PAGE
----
As a side thought, I will bring up the lack of information given about the New Republic. Luke, Leia and friends fought so valiantly for the restoration of the galactic senate, and all it receives in Episode VII is a cameo akin to that of Alderaan in A New Hope. It reminds me of the lack of exhibition in A New Hope, which I attributed to low budget and sloppy plot writing at the time. At this point, it may just be a part of the way the saga is visualized on the big screen. Also, Rey and Finn are allowed by military leaders to join Han Solo on an extremely dangerous covert op on an enemy base, with Rey having absolutely no previous training. Leia barely knows Finn; the very idea that she would let him in on their mission after so soon after he left the First Order is shocking. In reality, he could very easily have been sent to help Poe escape to the rebel base as a First Order spy. She has no proof otherwise. Viewing this in a different light, it emphasizes a thematic quality shared across the series: the higher valuation of heroism over capability. This isn’t necessarily a bad thing though; and coupled with the minority leads (Ridley and Boyega) it gives a powerful message that anyone can do anything if they believe in their cause.
Episode VII closes with a scene leaving the audience begging for more, taunting secrets to be revealed in the upcoming 8th episode. Let’s talk about the information that was actually divulged. Four new villains were introduced: Kylo Ren, General Hux, Captain Phasma, and Supreme Leader Snoke. The dynamic between Ren and Hux is symmetric to Vader’s relationship with Grand Moff Tarkin. Hux and Tarkin both went down with their respective ships as well in the end of the first movie of either trilogy. Captain Phasma is given the role of a stereotypical military captain, and she all but slips down a rank to a stock character. In my opinion, she did absolutely nothing to merit her spot on the iconic film trailer poster. It is yet to be seen whether or not she will play a role in the following movies, but as of now she doesn’t seem to comprise an important role. Kylo Ren is said to be Han and Leia’s son, and that he fell to the dark. This character origin is so barebones it bothers me, and I can’t wait to discover who he really is and what he’s about. Snoke is by far the most mysterious character in the film, with nothing more than a holographic image of him and that he has a vague relation to the dark side of the force. This lacing of mystery may have been a type of strategy; I am much more likely to go see Episode VIII the day it comes out now that I would if more secrets had been illuminated in this installment.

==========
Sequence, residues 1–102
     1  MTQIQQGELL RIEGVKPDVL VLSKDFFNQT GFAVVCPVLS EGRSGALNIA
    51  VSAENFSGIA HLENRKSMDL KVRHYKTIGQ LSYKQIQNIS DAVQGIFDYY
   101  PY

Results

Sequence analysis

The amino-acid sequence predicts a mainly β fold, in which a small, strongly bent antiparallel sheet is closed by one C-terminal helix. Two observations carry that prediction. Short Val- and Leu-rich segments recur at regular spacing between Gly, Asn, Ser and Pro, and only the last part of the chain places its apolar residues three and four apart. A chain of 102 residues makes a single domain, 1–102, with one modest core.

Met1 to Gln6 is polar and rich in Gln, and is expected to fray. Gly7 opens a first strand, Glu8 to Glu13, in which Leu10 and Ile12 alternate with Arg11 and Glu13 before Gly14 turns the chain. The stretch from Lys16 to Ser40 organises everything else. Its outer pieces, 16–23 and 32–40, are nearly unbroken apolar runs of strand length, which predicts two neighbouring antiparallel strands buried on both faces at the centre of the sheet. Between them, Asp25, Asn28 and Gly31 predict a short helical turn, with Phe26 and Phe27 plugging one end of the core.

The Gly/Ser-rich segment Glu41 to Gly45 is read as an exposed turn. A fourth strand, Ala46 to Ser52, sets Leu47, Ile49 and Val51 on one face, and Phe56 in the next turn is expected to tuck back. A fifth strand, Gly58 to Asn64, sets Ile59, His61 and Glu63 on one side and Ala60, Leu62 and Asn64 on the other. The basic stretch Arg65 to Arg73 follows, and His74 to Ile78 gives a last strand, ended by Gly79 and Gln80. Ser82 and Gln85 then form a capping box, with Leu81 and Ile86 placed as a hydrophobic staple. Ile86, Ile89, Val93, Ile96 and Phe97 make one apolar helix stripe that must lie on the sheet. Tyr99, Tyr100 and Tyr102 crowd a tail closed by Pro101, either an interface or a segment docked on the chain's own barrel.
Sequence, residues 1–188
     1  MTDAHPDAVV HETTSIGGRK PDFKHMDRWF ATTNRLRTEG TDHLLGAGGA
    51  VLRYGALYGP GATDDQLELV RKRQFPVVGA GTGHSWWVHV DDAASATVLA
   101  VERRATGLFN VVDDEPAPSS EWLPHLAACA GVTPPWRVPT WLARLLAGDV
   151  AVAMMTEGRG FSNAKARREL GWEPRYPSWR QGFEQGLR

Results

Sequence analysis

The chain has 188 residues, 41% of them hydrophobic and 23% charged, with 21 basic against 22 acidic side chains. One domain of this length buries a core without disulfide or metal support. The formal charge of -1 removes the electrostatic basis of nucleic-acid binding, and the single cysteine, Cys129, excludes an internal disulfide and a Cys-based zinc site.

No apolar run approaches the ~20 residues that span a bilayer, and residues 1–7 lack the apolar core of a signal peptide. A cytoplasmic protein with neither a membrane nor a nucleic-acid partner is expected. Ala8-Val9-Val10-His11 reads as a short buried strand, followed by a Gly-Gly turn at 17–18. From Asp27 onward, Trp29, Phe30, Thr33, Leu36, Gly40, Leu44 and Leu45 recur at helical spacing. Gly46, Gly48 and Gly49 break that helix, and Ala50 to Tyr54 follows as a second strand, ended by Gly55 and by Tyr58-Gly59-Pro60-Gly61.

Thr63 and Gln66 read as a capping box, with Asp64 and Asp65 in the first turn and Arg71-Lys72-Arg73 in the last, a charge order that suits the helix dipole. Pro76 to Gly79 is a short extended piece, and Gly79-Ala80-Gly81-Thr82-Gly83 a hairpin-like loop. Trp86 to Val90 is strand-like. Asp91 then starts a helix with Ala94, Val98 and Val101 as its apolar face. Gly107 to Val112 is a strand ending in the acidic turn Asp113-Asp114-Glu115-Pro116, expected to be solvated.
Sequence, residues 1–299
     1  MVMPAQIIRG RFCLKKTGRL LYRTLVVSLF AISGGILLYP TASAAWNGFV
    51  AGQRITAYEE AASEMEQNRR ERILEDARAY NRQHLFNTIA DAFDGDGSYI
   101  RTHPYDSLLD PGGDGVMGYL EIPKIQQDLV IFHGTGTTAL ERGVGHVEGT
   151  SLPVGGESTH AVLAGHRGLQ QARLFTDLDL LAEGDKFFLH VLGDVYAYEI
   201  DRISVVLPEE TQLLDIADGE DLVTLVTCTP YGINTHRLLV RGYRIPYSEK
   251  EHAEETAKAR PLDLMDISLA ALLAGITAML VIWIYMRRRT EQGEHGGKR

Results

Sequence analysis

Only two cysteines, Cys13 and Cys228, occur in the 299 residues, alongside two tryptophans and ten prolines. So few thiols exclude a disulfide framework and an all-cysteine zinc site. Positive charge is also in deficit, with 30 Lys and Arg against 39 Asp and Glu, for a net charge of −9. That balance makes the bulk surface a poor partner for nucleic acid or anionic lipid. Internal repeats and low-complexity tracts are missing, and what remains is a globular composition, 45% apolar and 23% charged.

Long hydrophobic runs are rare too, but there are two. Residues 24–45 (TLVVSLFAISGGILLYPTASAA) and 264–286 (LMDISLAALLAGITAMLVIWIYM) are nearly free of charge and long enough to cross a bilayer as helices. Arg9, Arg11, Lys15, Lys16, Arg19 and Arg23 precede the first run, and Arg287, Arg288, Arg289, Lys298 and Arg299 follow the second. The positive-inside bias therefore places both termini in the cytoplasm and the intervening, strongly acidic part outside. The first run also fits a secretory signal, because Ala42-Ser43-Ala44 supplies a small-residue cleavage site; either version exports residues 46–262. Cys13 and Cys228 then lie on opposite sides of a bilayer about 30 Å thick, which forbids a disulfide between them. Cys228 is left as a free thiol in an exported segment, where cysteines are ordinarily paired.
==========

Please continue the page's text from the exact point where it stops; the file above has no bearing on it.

Walking into the theater, I was excited as a child in a candy store, waiting to view the next chapter in my favorite saga. When I exited the theater, the look of sheer suspense had turned to slight disappointment. The Force Awakens certainly delivered on its responsibility to employ returning characters, but even the way they were reintroduced was disappointing. I didn’t feel like I was expecting to when I first saw Han Solo and Chewbacca again after years, and that was very important to me. Maybe if the trailer had left out the initial scene with Han, and had shown him later in the film, that magic moment would’ve been preserved. My final decision: skip this one if you would rather remember the expanded universe. All previous cannon was wiped with Mr. Mouse’s acquisition of LucasFilm. The final product is a mediocre addition to the series, and would’ve made a standalone movie of even lesser caliber.